Sunday, August 31, 2008

Here We Go

This summer I went to two weddings.

The first one occurred in June. My father married Susan Kent, a wonderful woman he had been involved with for the preceding five years. They both, I think, had kind of given up on finding someone so late in life. My father arrived in Nova Scotia with a suitcase and a guitar, having purged himself of all physical reminders of his earlier life, travelling light and, I believe, without a real destination in mind. Susan, alternately, kept everything she had ever owned in boxes that she never opened, and that surrounded her in her impossibly cluttered apartment. Having seen this apartment myself, it amazes me that there was room for my father within it, but he happily found his space. They balanced each other out, matching one another's quirks and personalities in a magical way. They are so obviously into one another, but rather than alienating the people around them by being too insular, their affection for one another manages to infect everyone in their vicinity. They glow, in the healthiest, most inviting way. I think that much of it comes from being so surprised to have found one another.

Most of my favourite love songs aren't really about being in love, and I don't want to extrapolate on that much further lest I ruin potential future entries. I'll just say that most of my favourites are about looking back on a relationship with a certain nostalgic fondness and self-awareness that is very much grounded in and by the speaker's present state of mind. Songs about being in love usually seem kind of sucky, all caught up in sentiment and flowers, with a very few notable exceptions like Fountains of Wayne's innocently joyful "Hey Julie," for example.

I like "Here We Go" so much because it's both hopeful and realistic, and also because it puts so much onus on the speaker himself, rather than being concerned with a love interest who is little more than a one-dimensional ideal, or/and, as in many love-lost songs, the cause of the speaker's downfall and misery. This is a getting-ready-for-love song, and I don't think there are too many of 'em.

"You've gotta hope that there's someone for you, as strange as you are / Who can cope with the things that you do without trying too hard." That's it, isn't it?

My friends Ian and Kate got married last week-end, and my favourite part of everything was watching Kate pronounce her vows with such earnestness and devotion, on the verge of tears the entire time. These are two remarkable people on their own, and people who are optimistic but realistic enough to, I think, know that they don't need one another, and would be okay anyway, and almost pleasantly surprised to have found one another. Amazed, even. Because, of course, love is amazing.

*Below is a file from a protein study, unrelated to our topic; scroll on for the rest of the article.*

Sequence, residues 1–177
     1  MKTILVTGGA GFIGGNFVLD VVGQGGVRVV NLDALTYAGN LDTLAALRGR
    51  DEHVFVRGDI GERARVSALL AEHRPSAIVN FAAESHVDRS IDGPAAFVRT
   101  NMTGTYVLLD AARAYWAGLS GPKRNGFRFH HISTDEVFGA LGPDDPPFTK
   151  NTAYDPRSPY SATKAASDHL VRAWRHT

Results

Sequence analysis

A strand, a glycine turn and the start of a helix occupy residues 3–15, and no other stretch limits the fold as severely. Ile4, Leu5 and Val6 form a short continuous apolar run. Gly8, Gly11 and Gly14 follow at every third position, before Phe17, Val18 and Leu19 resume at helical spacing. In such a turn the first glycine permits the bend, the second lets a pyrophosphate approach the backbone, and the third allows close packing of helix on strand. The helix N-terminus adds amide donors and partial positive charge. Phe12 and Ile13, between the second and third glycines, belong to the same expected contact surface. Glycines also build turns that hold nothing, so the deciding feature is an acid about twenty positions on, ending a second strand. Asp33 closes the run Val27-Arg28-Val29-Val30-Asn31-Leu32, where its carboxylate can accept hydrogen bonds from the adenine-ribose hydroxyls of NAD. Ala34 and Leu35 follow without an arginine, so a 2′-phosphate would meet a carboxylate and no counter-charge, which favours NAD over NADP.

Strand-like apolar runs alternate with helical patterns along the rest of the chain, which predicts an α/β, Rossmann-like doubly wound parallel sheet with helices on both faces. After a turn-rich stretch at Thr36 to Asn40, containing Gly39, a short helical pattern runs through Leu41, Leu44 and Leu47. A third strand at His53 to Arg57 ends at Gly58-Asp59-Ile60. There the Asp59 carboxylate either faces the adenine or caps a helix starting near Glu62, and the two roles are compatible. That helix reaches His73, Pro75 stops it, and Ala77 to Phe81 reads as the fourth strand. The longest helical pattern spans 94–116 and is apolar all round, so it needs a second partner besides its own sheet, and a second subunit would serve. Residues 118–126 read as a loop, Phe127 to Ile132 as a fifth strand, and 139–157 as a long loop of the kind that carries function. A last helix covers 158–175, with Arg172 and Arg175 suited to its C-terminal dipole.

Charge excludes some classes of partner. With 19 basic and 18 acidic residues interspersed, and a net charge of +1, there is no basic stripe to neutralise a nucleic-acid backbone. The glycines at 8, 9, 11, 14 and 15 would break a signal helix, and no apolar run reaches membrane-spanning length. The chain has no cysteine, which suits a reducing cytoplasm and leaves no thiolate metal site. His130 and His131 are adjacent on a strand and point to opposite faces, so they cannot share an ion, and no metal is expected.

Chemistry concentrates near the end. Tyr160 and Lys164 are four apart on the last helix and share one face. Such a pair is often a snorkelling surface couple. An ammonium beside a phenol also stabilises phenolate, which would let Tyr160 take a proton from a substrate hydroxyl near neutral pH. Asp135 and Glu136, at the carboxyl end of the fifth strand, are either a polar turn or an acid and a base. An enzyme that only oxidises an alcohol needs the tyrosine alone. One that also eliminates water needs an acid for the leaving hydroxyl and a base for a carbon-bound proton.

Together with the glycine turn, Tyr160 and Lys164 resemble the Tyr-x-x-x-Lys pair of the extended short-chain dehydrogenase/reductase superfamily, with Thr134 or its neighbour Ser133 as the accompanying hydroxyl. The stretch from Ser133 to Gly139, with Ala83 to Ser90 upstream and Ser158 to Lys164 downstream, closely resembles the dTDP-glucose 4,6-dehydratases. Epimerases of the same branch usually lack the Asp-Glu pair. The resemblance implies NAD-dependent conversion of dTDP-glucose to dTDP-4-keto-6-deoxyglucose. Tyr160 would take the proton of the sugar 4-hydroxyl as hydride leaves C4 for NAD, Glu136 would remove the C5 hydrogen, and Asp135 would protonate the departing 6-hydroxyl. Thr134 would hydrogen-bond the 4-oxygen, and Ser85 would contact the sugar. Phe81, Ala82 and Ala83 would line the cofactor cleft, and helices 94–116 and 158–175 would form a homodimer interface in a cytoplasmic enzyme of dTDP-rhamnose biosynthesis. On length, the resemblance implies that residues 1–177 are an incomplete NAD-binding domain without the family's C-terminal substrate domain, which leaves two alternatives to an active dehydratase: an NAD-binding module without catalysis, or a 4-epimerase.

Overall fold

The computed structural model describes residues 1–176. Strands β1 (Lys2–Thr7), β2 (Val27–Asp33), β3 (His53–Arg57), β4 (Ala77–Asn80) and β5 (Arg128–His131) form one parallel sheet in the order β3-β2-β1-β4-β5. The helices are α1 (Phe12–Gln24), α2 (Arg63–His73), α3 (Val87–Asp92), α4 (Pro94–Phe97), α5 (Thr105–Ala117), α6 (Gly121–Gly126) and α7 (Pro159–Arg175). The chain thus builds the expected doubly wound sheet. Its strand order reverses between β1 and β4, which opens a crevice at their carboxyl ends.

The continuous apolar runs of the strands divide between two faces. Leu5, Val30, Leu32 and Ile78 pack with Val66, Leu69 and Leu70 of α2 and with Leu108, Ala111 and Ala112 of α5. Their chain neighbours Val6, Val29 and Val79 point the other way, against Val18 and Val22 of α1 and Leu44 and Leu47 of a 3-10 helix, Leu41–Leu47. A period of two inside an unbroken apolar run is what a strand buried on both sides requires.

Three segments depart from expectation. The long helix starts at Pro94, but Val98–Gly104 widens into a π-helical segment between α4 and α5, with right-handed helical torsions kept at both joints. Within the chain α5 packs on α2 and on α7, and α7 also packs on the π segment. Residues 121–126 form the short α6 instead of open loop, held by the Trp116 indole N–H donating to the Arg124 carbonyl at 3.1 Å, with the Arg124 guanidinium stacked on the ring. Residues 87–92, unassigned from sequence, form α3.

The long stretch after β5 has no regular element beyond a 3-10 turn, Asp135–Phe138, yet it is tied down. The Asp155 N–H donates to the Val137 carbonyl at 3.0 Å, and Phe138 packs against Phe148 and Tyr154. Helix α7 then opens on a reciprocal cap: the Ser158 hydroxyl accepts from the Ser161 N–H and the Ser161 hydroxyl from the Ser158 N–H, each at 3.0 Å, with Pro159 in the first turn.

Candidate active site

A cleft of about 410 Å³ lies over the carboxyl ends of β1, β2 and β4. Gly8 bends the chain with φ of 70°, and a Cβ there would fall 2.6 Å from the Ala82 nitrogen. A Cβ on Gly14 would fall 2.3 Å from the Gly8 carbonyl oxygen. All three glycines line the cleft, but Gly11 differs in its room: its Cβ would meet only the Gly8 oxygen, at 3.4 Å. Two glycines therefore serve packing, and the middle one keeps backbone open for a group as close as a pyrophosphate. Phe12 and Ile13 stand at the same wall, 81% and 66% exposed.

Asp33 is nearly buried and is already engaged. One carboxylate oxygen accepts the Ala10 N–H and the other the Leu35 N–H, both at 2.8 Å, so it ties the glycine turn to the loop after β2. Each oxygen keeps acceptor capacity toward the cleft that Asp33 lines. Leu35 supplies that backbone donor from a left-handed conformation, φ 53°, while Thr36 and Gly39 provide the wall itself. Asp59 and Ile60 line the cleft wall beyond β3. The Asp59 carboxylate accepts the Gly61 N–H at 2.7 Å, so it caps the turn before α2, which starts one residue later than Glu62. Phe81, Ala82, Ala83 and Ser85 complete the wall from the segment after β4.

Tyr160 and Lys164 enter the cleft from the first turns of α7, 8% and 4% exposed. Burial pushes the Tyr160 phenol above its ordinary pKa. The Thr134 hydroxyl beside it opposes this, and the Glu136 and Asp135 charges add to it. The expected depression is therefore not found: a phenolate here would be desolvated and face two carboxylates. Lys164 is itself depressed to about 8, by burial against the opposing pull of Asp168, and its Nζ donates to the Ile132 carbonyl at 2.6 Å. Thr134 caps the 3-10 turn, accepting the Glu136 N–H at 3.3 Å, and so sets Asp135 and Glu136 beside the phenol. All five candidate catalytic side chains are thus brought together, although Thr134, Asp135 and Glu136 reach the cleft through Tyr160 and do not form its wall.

Dad and Susan got married at Susan's sister's house because there was no electricity in their own home, where they had planned to have their very small and modest ceremony, and many of their neighbours were in fact in danger of losing their lives and property to the forest fires that were raging through Porter's Lake. I couldn't believe it when Dad called to tell me that the ceremony was going to happen as planned, just at another venue.

Love is not all I'll-be-there-until-the-end-of-time. It is way more specific than that. It is forest fires and towering boxes that could fall on your head if just one thing is shifted the wrong way. It is amazing that any thinking person ever walks down that aisle. Good for them!
Here We Go - Jon Brion
You've gotta hope that there's someone for you
As strange as you are
Who can cope with the things that you do
Without trying too hard
Because you can bend the truth
Until it's suiting you
These things that you're wrapping all around you
You never know what they will amount to
And your life is just going on without you
It's the end of the things you know
Here we go
You've gotta know that there's more to this world
Than what you have seen
Because we all have a limited view
Of what we can be
As we move along with our blinders on
Each one of us feels a little stranded
And you can't explain or understand it
Each one of us on a different planet
And amidst all the to and fro
Someone can say hello
Here we go
The feeling that someone really gets you
It's something that no one should object to
It could happen today so I suggest you
Skip your habit of laying low
It's the end of the things you know
Here we go

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